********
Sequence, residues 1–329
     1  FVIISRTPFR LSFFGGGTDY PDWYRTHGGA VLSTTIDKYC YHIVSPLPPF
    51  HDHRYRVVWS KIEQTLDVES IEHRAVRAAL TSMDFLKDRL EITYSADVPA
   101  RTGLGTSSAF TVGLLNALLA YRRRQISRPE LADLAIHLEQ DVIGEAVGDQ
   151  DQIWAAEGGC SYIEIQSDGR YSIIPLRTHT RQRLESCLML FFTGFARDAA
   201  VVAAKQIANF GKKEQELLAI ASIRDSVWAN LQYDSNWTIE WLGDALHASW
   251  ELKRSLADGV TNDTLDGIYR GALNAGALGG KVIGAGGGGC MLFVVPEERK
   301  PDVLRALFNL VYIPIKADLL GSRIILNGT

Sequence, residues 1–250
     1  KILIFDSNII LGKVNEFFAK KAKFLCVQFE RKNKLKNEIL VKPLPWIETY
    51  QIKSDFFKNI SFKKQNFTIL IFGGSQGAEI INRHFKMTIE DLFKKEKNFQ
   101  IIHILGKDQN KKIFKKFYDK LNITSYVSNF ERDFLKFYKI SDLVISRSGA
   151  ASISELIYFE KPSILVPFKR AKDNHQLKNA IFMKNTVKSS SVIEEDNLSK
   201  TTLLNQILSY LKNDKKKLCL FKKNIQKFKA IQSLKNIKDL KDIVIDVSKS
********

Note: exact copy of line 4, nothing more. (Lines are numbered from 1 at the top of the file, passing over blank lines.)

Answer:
   101  RTGLGTSSAF TVGLLNALLA YRRRQISRPE LADLAIHLEQ DVIGEAVGDQ